Finally, the real message of the book is not to stir political leaders to right action (talk about pipe dreams!), but instead it’s to make individual Americans aware of covert rationing and its manifestations – and of how that covert rationing is directly affecting them and their loved ones. Because individuals who understand what’s really happening can take steps to protect themselves – to immunize themselves against covert rationing. (The book and my website describe how.) And if enough individual Americans simply begin acting in their own enlightened self-interest, without any thought of perpetrating healthcare reform, that very reform (Zen-like) will become almost inevitable.

    Thanks again for having a look at the book, and for the attention you’ve drawn to it.


  2. ValJonesMD says:

    Thank you, Rich, for your important clarifications and additional thoughts. I knew at the outset that I would not be able to capture the most important features of your book (partly because my blog platform is not suitable for an exploration of political issues – as much as I have opinions on them), so I am thrilled that you’re chipping in to get the ideas across. They are critically important – and I hope everyone reading this will go get your book so we can further the discussion!

  3. John Ware, PT says:

    I disagree with Dr. Rich’s premise that the aging, sicker population is the cause of the current health care delivery crisis. It’s certainly exacerbating the problem and accelating the system towards bankruptcy , but I don’t think it’s the cause.

    In Porter and Tiesberg’s book “Redefining Health Care” an expert accounting by these two PhD economists (Harvard and Darden business schools)provides the most thorough and accurate explanation of what’s gone wrong in health care delivery in the US and other western, industrialized countries.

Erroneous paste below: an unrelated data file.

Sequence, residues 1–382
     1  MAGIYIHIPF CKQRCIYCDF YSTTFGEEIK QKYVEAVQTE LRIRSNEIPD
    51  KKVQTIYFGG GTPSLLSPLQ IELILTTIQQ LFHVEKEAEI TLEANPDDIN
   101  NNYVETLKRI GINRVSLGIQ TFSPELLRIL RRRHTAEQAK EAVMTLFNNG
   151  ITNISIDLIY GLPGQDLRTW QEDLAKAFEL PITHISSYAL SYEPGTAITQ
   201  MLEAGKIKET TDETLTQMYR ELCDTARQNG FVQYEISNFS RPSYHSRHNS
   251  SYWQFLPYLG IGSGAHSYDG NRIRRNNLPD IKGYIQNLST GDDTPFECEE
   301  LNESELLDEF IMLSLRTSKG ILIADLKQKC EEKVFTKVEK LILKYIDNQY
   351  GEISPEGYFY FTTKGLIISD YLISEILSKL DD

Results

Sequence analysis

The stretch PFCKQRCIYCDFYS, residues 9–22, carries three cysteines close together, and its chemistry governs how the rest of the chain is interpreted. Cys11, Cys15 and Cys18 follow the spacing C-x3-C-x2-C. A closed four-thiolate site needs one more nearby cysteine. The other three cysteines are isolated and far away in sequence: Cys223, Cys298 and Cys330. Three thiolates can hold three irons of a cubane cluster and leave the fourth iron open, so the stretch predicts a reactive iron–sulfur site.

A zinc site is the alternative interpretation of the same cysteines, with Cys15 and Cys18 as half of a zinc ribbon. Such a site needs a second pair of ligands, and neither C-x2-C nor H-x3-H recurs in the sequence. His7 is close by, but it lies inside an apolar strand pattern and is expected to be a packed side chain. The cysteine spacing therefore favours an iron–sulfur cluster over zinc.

Their thesis boils down to this: there’s a pervasive lack of results-based outcomes for the multitude of chronic medical conditions that afflict modern societies. The authors spread the “blame” among all the stakeholders, including providers, third-party payers and government. Furthermore, they suggest and describe how the stakeholders will have to get together to come up with a solution. More importantly, they provide the blueprint to achieve this.

    I think Dr. Rich’s thesis assumes wrongly that the health care business is an inherently “zero-sum” enterprise, which is why he suggests that rationing is a solution. Porter and Tiesberg explain why and how it doesn’t have to be this way. If patients receive value throughout the course of care for a medical condition, then patients and their 3rd-party payers will seek out and find the practitioner who are providing excellent care. The marginal providers will either improve their practice, or they’ll go out of business.

    Free market principles in health care? What a concept!

  4. I agree. There are many people who abuse the system, and it really effects everyone. It's sad but true.

  5. I agree. There are many people who abuse the system, and it really effects everyone. It's sad but true.